Board of Directors

Dr. David J. Jhirad, Director, Chief Science & Technology Advisor

Dr. Jhirad is an internationally recognized leader in energy and environmental issues. He has made major contributions to electric power policy and regulatory reform, natural gas infrastructure development and international energy security. He is currently the Vice President of Research and Evaluation at the Rockefeller Foundation. Previously, Dr. Jhirad spent four years as the Vice President of Science and Research at the World Resources Institute, a leading environmental think tank headquartered in Washington, DC.

During the Clinton administration Dr. Jhirad served as Deputy Assistant Secretary of Energy for International Energy Policy, Trade and Investment and as Senior Advisor for Multilateral and Bilateral Affairs (1995-2001). At the International Energy Agency (IEA), Dr. Jhirad served as Vice-Chairman of the Governing Board and as Chairman of the Energy Policy Committee. He led administration energy and environmental policy initiatives with Australia, Brazil, China, India, Japan, Korea, the Middle East, South Africa, the G8 and the Asia Pacific Economic Cooperation (APEC) Energy Working Group. As Senior Energy Advisor to the US Agency for International Development, Dr. Jhirad was the key architect of projects to promote private investment in the power sector of developing countries.

Dr. Jhirad is a physicist previously with Brookhaven National Laboratory and the Jet Propulsion Laboratory of the California Institute of Technology, where he led programs on energy and power sector policy analysis, modeling and technology assessment. He has worked on optical information processing at IBM, served as Assistant Professor of Physics at Boston University and the University of Massachusetts and is a former director of the Union of Concerned Scientists in Cambridge. He co-authored the book, Energy Strategies: Toward a Solar Future and over 60 technical papers.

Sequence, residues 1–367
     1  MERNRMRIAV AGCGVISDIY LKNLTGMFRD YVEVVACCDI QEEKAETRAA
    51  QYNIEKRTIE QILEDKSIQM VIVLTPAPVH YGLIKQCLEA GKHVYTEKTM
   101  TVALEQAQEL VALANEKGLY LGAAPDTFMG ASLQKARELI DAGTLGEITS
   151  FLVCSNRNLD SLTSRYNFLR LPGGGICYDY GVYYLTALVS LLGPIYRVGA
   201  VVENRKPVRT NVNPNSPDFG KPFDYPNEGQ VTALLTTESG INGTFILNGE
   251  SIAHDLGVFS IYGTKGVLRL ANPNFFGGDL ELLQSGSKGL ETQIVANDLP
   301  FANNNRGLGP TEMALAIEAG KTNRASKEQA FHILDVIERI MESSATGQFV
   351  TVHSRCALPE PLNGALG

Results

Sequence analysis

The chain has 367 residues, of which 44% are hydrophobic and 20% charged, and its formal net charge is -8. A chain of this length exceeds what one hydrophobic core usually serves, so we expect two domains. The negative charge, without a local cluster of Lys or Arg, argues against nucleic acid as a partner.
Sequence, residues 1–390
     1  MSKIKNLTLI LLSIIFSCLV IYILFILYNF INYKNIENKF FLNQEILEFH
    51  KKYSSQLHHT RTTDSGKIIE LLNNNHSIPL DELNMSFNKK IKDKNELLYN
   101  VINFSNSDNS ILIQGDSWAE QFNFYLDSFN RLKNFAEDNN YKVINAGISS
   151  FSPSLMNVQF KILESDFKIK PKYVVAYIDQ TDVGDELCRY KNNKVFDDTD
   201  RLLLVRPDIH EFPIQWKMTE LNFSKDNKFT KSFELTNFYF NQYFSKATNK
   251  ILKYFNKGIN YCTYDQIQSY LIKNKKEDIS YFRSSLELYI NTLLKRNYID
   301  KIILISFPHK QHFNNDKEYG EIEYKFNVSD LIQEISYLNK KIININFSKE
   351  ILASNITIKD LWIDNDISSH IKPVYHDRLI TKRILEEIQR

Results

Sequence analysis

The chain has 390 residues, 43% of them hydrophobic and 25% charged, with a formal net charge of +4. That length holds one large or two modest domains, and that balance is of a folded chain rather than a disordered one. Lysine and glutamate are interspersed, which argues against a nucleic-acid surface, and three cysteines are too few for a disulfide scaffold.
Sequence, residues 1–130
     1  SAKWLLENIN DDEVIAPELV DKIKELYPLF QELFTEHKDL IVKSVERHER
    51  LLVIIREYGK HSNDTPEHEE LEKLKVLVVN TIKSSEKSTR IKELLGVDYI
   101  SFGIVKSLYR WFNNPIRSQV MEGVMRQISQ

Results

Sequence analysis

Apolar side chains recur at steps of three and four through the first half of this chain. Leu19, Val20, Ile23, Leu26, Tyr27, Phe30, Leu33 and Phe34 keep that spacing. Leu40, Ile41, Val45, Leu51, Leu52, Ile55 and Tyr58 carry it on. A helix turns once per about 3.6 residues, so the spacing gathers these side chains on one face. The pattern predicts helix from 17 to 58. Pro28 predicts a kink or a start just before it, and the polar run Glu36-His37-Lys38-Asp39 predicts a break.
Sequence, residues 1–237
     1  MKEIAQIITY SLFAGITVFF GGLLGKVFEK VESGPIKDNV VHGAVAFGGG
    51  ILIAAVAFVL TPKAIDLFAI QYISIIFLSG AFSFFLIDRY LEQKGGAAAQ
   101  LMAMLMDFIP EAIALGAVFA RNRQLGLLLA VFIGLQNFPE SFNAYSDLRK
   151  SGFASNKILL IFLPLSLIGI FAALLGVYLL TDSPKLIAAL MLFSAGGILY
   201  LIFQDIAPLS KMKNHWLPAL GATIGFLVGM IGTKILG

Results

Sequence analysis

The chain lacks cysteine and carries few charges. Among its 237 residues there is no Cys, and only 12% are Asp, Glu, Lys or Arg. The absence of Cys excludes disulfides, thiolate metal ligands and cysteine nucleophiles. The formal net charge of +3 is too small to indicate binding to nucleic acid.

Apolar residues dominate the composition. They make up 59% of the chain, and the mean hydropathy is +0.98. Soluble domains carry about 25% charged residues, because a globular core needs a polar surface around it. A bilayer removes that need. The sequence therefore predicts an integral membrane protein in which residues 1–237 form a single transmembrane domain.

Dr. Jhirad holds a PhD in applied physics from Harvard University, where he won the Bowdoin Prize for excellence in research. He also holds B.A. and M.A. degrees in physics and applied mathematics from Cambridge University and a B.Sc. (Hons) degree in physics from Delhi University.

William A. Nitze, Director

William A. Nitze has been working on energy and environmental issues for most of his career. Mr. Nitze currently serves as Chairman of Oceana Energy Company, a company that is developing a new technology for converting tidal energy into electricity and is co-founder of GridPoint, Inc., a company that designs and manufactures intelligent energy management systems for the home and small business. “He also chairs a small non-profit, the Galapagos Conservancy, and serves on the Board of the Alliance to Save Energy.” Mr. Nitze served as Assistant Administrator for International Activities at the Environmental Protection Agency (1994-2001), where he made environmental security a focus of the agency’s international work, establishing a formal working relationship among the Department of Defense, the Department of Energy and EPA on environmental security issues.

As President of the Alliance to Save Energy (1990-94), Mr. Nitze led a broad coalition of business, government, labor and consumer interests in supporting and implementing policies and programs to promote energy efficiency ranging from energy efficient building codes to efficiency standards for appliances to energy efficiency incentives in mortgages and commercial leases. As Deputy Assistant Secretary of State for Environment in the Reagan and Bush Administrations (1987-1990), Mr. Nitze was the principal working level negotiator on multilateral environmental issues ranging from trade in endangered species to climate change. In 1988, Mr. Nitze played a key role in creating and organizing the Intergovernmental Panel on Climate Change.

After leaving the State Department in early 1990, Mr. Nitze was Visiting Scholar at the Environmental Law Institute, where he wrote a monograph entitled The Greenhouse Effect: Formulating a Convention. Many of the elements discussed in the monograph were subsequently incorporated into the Framework Convention on Climate Change, signed in 1992. Prior to entering the public policy arena, Mr. Nitze spent fourteen years at the Mobil Oil Corporation (1974-1987), where he served as Assistant General Counsel, Exploration & Producing Division and General Counsel, Mobil Japan. Mr. Nitze holds B.A. degrees from Harvard College and Wadham College, Oxford and a J.D. degree from Harvard Law School.

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